Despite the potential dissolution of the Rhinelander Business Improvement District (BID) looming, Downtown Rhinelander Inc. (DRI) and DRI executive director Maggie Steffen are moving ahead. Steffen is packing up the office on Brown Street this week, preparing to move to the DRI’s new office down the block.
“We tried selling the property which was gifted to us,” she said. “But when it didn’t sell and the lease came up on this space, it’s logical to move to the property we own.”
Wednesday, April 1 is the day the fate of the BID will be determined. Opponents of the tax have gathered signatures representing more than the required 51 percent of property values to get rid of the BID. Supporters of the district have been working to have signatures rescinded, thereby keeping the additional funding in place. Regardless of the outcome, Steffen said DRI will continue its work, at least through 2015.
“Currently, the signatures represent about 37 percent of the property owners in the BID,” according to Steffen. “That tells us that the majority, or 63 percent believe that having the BID is a benefit not only for them but for the community as a whole.It comes down to taxes; nobody likes to pay them and this is one they can do something about.”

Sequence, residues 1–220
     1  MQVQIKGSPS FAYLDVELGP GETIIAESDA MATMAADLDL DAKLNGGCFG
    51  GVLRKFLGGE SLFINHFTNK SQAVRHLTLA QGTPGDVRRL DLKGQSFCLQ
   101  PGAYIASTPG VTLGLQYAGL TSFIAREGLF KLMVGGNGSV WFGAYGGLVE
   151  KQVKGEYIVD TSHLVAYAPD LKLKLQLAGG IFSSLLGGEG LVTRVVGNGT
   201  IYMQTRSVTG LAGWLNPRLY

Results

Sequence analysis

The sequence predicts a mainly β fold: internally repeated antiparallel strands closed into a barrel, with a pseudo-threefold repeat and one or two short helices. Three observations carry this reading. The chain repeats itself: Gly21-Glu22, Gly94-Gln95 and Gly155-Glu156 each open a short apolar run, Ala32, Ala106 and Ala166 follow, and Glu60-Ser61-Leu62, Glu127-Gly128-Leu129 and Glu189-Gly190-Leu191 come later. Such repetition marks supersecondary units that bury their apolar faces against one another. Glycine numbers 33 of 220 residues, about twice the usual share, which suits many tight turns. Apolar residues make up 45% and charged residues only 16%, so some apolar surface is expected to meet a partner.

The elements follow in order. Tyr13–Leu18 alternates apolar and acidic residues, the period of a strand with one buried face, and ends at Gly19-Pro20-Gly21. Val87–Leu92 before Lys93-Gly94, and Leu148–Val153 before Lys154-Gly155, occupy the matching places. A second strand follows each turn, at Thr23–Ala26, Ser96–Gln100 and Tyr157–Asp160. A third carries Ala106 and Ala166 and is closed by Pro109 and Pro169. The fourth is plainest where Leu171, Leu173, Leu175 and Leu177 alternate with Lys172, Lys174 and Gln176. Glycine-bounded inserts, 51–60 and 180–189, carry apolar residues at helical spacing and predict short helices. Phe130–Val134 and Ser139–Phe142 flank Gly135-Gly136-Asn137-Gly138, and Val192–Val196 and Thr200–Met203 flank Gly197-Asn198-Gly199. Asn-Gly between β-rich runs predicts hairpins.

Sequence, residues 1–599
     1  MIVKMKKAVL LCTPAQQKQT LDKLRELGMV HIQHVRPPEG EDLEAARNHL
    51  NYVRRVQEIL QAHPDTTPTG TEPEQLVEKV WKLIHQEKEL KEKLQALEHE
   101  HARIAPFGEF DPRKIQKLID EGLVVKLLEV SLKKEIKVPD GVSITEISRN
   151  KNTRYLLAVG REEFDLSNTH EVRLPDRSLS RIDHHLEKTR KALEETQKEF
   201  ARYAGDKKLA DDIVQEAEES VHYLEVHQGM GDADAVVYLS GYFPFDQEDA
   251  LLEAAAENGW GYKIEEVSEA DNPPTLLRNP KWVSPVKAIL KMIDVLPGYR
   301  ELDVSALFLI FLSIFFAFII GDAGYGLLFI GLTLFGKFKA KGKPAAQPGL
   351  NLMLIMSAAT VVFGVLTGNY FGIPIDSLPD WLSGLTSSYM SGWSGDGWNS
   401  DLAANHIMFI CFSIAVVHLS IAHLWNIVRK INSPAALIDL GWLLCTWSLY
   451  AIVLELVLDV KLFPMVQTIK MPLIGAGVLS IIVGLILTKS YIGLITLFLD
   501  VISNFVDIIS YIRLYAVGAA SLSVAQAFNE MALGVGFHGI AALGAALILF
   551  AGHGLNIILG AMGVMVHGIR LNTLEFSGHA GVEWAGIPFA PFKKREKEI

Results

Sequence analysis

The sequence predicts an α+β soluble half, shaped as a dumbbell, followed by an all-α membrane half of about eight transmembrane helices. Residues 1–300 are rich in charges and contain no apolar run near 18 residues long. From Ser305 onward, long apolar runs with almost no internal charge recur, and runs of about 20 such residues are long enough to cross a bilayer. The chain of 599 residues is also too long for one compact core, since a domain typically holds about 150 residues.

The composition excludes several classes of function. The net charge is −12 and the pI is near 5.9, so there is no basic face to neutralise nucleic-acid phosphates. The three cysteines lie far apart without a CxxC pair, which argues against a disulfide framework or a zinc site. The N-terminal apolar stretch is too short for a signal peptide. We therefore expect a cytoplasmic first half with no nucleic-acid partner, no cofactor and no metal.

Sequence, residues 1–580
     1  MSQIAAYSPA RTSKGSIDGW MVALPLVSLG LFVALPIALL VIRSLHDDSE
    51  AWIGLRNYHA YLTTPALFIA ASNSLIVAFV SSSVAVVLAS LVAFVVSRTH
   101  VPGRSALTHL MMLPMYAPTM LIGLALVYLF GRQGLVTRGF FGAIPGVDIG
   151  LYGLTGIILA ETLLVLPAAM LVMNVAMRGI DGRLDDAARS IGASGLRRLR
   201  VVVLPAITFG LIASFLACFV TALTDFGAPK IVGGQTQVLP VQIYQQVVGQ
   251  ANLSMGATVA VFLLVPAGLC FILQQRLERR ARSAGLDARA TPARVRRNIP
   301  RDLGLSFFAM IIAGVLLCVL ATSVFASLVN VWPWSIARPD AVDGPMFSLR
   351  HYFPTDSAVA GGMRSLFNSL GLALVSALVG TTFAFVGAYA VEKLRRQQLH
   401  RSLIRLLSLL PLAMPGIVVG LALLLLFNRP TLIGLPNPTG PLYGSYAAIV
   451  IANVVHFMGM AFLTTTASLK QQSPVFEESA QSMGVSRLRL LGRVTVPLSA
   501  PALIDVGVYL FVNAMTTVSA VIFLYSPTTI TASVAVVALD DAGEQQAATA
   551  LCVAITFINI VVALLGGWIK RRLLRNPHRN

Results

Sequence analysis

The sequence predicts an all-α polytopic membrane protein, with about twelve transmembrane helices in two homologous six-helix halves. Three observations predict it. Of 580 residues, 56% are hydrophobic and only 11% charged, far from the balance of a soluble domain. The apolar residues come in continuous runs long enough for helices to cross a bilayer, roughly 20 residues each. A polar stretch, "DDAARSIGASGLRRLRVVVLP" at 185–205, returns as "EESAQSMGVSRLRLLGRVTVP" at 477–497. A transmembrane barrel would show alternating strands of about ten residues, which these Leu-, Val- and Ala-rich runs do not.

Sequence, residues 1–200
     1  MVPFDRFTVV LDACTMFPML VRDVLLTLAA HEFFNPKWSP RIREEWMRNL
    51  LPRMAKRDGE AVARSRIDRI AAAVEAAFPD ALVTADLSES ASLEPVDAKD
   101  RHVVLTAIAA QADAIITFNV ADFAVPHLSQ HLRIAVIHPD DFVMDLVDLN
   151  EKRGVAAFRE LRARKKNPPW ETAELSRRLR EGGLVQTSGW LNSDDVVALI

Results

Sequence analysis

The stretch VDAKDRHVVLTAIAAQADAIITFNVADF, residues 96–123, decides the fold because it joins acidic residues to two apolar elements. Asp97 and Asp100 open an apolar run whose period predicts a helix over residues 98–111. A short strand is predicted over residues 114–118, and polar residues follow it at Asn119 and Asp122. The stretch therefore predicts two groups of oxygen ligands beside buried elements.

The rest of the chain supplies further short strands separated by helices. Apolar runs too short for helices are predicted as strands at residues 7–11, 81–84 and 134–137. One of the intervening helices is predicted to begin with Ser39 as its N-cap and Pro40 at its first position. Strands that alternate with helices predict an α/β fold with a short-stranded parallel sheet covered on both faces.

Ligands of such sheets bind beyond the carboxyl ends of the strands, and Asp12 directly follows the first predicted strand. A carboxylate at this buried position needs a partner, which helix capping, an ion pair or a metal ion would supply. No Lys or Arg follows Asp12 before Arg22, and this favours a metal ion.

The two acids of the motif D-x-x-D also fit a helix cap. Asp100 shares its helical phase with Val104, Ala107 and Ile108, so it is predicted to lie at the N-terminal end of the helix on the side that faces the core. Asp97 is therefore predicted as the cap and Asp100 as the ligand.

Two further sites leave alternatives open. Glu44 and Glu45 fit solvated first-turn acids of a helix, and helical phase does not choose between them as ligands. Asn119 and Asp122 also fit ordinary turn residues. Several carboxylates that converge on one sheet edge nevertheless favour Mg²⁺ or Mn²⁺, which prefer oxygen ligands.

In addition to the DRI office, 30 W. Davenport will house an office/business incubator; a first for Rhinelander. It’s an idea that has been kicked around for a couple of years.
“We had been researching and looking at the feasibility and cost of having an incubator here,” Steffen said. “Oneida County, UW-Extension, Nicolet College and the DRI were working together, and while no one had been ready to move forward previously, this became a good opportunity.”
There are different types of incubators, such as retail, manufacturing, kitchen and office/business, which is what the DRI will offer.
The incubator will be in the upper level, and will consist of five separate offices which can be configured various ways, two bathrooms, a common space and separate entrance. One of the offices will be designated for short stays.
“If someone is here for a week to do business but they don’t necessarily want their clientele to come to a hotel room, they would be able to rent that space and meet people there in an office setting.”
“The beauty of an incubator is that maybe there are people who are working in their basement or garage and maybe outgrowing their home, but taking the next step is tough,” Steffen explained. “It’s a big cost, and sometimes a matter of courage. So they will be able to get into this setting at a low investment cost.”
Several entreprenuers have already contacted Steffen about being one of the first tennants in the incubator.
“There are a lot of entrepreneurs in the Northwoods,” Steffen said. “I think it will be a more in demand than what we first expected; there is definitely a need out there.”
The DRI office is expected to be open at the new location April 1.